https://www.instagram.com/p/BVAzcNulnfR/?hl=en&taken-by=amazontoronto

GeekWire, tech news site, crunched the data and came up with the following Top 10 Contender list according to their scientific research described below.

Criteria demanded by Amazon:

  • Metropolitan areas with more than one million people
  • A stable and business-friendly environment
  • Urban or suburban locations with the potential to attract and retain strong technical talent
  • Communities that think big and creatively when considering locations and real estate options

Starting with population, the easiest one to quantify, GeekWire did the search with a list of 59 North American metro areas, including six in Canada. Here is the top 10 list they came up with (#2 was Seattle but they have excluded that):

  1. Toronto
  2. Ottawa, Ont.
  3. Boston
  4. Philadelphia
  5. Chicago
  6. Atlanta
  7. Washington, D.C.
  8. Charlotte, N.C.
  9. Montréal
  10. Vancouver, B.C.

Whether your city is on the list or not – do not worry about it. October 19th is the deadline to submit the bid. Let’s wait and see who gets it.

 

Calgary Alberta mcThings is Connecting Things to the Internet since 2014

mcThings is a full stack enabler in the IoT space. The platform that mcThings has developed solves the problem of collecting and sending vast amounts of sensor data to the cloud. The platform consists of three key technologies: ultra-low power hardware, mcOS and the mcCloud. The combination of these technologies allows customers to deploy and scale IoT solutions at a low cost and in as little as three months. The platform includes sensor modules with various connectivity configurations, gateways, software as well as Platform as a Services (PaaS) to manage all aspects of your project(s). Because of this easy implementation, no specialized staff is required for development allowing for a rapid ROI. Refer to the attached for further company detail.

McModule in a motion sensor
McModule in a motion sensor

Who started the company?
The company was started by Tom Groenland in 2014.
Do your team members have tech background? Seven of the 12 team members have a technical background and include firmware and software engineers.

How are you being financed?
Financing to date has come from family, friends and other angel investors. In addition, we have received government funding of approximately CAD $450,000 with respect to research and development activities. Strategic fund raising planned for mid-2017 in the range $5M- $10M.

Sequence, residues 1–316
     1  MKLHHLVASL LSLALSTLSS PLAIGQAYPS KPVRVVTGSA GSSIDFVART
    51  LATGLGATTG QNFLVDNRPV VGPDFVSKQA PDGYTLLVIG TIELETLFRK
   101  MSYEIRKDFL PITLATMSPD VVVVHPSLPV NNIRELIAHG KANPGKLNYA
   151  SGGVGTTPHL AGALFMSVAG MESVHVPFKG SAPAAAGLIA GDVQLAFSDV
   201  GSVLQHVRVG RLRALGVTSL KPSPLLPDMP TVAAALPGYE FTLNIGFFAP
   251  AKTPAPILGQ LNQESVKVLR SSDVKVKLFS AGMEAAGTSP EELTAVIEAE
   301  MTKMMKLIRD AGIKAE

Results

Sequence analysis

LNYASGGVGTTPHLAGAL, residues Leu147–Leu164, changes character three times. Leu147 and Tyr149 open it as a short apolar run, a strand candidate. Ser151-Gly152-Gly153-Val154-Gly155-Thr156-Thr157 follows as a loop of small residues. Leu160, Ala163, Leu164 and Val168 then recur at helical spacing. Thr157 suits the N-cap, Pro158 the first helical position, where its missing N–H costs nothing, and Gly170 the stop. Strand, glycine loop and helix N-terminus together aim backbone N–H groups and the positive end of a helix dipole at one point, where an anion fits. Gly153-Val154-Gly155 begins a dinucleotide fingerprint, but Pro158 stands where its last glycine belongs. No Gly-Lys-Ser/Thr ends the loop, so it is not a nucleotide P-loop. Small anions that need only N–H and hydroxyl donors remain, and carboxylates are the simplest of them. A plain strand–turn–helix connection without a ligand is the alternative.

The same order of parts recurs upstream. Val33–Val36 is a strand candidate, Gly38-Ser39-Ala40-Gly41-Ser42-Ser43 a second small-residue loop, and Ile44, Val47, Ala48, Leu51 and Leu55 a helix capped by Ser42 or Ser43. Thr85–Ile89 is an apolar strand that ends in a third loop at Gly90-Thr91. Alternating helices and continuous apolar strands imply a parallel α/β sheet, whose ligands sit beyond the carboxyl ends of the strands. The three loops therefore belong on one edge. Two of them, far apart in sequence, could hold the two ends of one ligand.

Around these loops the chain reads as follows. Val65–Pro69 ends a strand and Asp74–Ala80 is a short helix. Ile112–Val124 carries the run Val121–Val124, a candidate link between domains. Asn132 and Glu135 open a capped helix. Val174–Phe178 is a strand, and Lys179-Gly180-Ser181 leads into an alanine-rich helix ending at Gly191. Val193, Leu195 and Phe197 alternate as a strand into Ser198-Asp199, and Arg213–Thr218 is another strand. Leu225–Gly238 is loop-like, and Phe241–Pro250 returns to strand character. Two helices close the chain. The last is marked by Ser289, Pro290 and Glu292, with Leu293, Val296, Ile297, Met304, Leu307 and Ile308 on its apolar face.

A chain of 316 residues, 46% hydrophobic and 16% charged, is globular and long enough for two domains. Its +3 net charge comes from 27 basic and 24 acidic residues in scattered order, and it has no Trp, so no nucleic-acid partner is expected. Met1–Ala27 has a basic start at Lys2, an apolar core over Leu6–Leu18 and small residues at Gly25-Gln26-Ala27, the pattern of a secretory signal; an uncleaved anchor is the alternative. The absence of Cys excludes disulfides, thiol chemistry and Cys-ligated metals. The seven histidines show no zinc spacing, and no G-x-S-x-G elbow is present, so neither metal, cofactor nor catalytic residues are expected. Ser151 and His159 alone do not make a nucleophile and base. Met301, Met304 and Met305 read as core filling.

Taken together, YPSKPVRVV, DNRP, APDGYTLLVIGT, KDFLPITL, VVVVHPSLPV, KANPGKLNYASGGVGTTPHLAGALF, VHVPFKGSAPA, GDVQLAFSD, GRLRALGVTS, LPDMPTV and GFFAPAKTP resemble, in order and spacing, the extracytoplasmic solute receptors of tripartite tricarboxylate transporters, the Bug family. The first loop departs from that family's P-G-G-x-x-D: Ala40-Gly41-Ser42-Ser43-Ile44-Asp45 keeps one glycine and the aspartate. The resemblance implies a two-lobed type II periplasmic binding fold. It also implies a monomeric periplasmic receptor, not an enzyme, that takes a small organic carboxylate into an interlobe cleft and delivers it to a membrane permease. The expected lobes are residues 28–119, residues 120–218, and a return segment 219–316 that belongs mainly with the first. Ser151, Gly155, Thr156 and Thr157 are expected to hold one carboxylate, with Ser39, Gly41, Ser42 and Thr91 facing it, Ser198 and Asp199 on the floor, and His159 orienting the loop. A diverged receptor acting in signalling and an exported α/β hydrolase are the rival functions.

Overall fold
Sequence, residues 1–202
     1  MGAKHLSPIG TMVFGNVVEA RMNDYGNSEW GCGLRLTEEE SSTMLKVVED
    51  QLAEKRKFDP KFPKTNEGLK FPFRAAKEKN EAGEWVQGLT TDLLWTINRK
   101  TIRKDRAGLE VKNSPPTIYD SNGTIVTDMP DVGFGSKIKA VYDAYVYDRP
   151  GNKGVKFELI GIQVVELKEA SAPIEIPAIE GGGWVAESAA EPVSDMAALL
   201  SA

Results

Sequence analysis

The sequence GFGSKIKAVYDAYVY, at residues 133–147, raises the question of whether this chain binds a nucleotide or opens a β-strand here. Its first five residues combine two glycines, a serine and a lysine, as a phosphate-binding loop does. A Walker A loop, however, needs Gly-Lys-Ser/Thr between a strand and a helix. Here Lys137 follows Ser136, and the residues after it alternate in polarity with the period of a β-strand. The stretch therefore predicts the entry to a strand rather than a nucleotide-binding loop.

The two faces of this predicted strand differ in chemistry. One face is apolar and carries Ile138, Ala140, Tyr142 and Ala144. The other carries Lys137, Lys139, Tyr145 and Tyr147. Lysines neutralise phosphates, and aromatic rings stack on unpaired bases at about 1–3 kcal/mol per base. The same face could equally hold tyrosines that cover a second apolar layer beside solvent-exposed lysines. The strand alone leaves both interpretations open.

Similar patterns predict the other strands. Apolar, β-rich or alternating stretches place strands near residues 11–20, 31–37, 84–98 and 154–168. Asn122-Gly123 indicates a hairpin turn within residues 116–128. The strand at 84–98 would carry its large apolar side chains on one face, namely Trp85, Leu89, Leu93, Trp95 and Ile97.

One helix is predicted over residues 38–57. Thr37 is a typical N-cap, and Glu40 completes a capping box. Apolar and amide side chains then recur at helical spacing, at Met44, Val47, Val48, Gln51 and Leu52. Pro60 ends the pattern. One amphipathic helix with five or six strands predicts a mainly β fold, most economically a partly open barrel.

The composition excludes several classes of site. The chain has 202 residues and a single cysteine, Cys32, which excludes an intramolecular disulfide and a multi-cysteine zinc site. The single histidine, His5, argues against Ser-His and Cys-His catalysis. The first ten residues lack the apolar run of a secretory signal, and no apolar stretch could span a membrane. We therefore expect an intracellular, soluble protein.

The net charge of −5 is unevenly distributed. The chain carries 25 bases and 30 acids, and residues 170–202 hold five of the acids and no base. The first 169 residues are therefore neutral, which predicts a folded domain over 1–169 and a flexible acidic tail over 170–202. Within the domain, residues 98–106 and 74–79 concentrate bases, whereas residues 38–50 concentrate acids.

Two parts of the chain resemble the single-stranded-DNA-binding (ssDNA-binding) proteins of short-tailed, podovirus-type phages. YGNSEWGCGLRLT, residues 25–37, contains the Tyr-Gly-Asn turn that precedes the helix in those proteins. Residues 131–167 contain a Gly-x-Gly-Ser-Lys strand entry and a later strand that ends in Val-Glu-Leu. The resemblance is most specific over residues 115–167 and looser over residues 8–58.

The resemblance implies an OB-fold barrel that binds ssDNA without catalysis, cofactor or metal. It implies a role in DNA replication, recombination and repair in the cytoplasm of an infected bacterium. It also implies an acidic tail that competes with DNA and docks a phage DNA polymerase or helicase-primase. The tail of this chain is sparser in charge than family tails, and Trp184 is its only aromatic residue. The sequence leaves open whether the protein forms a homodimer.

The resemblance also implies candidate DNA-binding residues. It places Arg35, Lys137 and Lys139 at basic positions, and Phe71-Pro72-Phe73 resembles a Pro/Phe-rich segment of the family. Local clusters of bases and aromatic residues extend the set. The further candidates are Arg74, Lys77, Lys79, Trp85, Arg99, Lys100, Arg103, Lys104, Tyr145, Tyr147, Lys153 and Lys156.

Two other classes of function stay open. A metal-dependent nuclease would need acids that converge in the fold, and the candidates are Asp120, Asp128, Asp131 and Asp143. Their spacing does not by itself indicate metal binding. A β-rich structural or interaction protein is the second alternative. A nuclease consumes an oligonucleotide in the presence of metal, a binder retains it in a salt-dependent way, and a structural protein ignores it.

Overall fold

What do you think will be / is a big obstacle to overcome?
The major challenge is the customer adoption rate – that is the time it takes for customers to understand the opportunities that IoT generally and our platform in particular offers, how it can be applied to their business and then to implement a solution.

How do you go about finding good developers / IT guys for your company?
Most employees have come from relationships with existing staff. This has been supplemented with the use of LinkedIn.

Who is your biggest competition?
Our major competitors are Electric Imp, Samsara, Particle IO and Helium

How are you intending on taking your company to million dollars in revenues?
We are in various stages of proof of concept trials with several customers. We expect that most of these customers will move to large scale deployment of our devices resulting in the sale of between 10,000 to 100,000 devices per year and revenue of up to US $ 2.0 million per year and growing thereafter. Over the next three to five years we expect the revenue from our Platform as a Service offering to make up the majority of our revenues.

In what markets?
We expect most of our customers to be in the logistics and asset tracking / monitoring business – primarily mid-sized companies located in the US. Our secondary market is asset performance monitoring.

What is the big lesson you’ve learned (success or failure) with this project?
The time to identify customers and bring them through the development cycle i.e. from the identification of the opportunity, completion of preliminary trials and then full scale implementation / deployment has generally taken longer than originally anticipated.

Video: mc-Things: Cochrane Town Company Overview